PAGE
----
Starlink is a satellite internet constellation employed by SpaceX, delivering satellite Internet access to 36 countries. It aims for global coverage. SpaceX began launching Starlink satellites in 2019. As of May 2022, Starlink has over 2,400 mass-produced small satellites in low Earth orbit (LEO), transmitting with set ground transceivers. Starlink delivers internet access to over 400,000 users as of May 2022.

The SpaceX satellite development installation in Redmond, Washington, houses the Starlink research, expansion, manufacturing, and orbit control teams. The price of the decade-long project to design, create and deploy SpaceX estimated the constellation in May 2018 to be negligibly US$10 billion. However, in February 2017, documents indicated that SpaceX foresees more than $30 Bn in revenue by 2025 from its satellite constellation when revenues from its takeoff business were expected to reach $5 billion in the same year.

On October 15th, 2019, the U.S. Federal Communications Commission submitted filings to the International Telecommunication Union (ITU) on SpaceX’s behalf to arrange a spectrum for 30,000 additional Starlink satellites to increase the 12,000 Starlink satellites already authorized by the FCC.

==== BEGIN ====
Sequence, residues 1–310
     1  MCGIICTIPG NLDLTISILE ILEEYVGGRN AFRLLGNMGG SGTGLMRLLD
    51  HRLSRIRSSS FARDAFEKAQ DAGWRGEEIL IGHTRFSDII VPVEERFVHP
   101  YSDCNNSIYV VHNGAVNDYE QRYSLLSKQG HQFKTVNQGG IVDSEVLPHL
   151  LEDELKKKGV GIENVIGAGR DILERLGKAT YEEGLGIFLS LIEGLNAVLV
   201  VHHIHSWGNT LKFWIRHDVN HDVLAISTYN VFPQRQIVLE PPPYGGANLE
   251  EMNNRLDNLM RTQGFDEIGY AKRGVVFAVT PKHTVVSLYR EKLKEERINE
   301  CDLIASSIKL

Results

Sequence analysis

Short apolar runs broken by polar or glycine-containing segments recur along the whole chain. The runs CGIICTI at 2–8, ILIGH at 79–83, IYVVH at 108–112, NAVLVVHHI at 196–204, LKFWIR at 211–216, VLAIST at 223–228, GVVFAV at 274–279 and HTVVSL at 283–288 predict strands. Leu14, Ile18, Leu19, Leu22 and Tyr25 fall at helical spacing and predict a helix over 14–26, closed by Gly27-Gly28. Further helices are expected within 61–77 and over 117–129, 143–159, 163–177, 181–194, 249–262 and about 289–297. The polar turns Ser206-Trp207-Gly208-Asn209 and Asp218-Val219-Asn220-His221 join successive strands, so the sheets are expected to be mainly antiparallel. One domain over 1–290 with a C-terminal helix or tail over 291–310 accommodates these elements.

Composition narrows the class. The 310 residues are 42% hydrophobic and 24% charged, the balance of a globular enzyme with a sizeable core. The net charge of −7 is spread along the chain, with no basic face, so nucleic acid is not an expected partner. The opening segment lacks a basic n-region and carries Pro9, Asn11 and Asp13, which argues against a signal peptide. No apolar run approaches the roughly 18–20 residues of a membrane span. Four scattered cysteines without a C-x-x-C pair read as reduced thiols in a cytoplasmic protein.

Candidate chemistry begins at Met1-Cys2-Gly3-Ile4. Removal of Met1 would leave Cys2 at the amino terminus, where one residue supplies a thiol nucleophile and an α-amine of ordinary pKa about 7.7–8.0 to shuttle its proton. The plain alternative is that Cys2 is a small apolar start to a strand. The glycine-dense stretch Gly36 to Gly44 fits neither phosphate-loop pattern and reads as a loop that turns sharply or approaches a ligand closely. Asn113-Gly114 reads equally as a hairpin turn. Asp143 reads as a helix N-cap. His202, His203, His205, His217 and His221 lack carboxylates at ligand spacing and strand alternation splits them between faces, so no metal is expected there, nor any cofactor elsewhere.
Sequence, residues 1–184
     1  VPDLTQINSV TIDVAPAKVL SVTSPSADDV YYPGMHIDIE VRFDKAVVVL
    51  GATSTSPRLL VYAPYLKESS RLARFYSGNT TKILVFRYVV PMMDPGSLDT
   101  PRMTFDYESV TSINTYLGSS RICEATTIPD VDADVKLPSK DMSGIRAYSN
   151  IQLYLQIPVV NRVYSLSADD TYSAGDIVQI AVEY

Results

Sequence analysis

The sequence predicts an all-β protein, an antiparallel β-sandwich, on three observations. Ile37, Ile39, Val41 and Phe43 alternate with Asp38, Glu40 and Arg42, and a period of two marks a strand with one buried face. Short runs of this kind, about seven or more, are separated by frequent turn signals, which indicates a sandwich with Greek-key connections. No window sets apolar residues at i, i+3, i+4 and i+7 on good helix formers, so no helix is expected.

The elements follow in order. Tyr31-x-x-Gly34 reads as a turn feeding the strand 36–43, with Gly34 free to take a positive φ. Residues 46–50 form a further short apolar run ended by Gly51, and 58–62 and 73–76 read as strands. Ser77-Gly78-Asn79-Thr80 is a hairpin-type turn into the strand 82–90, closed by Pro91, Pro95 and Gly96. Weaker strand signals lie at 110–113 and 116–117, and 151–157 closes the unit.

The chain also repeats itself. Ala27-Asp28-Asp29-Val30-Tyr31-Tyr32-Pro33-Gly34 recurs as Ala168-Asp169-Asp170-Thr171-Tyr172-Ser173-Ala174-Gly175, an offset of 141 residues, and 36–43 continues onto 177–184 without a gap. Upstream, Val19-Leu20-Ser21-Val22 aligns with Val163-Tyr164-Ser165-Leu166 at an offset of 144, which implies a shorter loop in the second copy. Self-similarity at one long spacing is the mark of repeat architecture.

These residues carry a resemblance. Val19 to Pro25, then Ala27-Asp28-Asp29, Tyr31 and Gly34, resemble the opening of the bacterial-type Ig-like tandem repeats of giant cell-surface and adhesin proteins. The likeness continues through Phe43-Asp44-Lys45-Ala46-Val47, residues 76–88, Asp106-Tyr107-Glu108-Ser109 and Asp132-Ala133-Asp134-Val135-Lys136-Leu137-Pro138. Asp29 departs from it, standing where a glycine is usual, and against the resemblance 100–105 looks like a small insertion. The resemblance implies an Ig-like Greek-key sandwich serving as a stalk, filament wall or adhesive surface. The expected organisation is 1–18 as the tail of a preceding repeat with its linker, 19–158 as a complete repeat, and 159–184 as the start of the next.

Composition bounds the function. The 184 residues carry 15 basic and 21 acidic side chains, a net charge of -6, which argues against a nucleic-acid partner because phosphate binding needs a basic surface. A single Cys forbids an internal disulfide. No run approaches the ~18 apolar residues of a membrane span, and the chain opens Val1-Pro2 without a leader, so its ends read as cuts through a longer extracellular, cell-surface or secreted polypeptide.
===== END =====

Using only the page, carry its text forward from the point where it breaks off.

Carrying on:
Astronomers have growing concerns about the constellations’ effect on ground-based astronomy and how the satellites will count to an already congested orbital environment. SpaceX has endeavored to mitigate astronomy concerns by executing several upgrades to Starlink satellites to lower their brightness during operation. The satellites are provided with krypton-fueled Hall thrusters, letting them de-orbit at the end of their lives. Additionally, the satellites are organized to autonomously avoid collisions based on uplinked tracking data.

Constellations of lower Earth orbit satellites were first conceptualized in the mid-1980s as part of the Strategic Defense Initiative. These technologies guided numerous commercial megaconstellations using around 100 satellites in the 1990s, like Teledesic, Iridium, Celestron, and Globalstar. However, all entities penetrated bankruptcy after the dot-com bubble burst due partly to high launch costs.

In June 2004, the newly assembled company SpaceX received a stake in Surrey Satellite Technology (SSTL) as an element of a “shared strategic vision.” SSTL was at that time working to extend the Internet into space. However, SpaceX’s stake was sold back to EADS Astrium in 2008 after the company concentrated on navigation and Earth observation.

In early 2014, Elon Musk and Greg Wyler were reportedly working together, planning a constellation of around 700 satellites called WorldVu, which would be over ten times the size of the then largest Iridium satellite constellation. However, these dialogues broke down by June 2014, and Elon’s firm SpaceX stealthily filed an ITU application thru the Norway telecom regulator under the name STEAM. SpaceX approved the connection in the 2016 application to license Starlink with the FCC.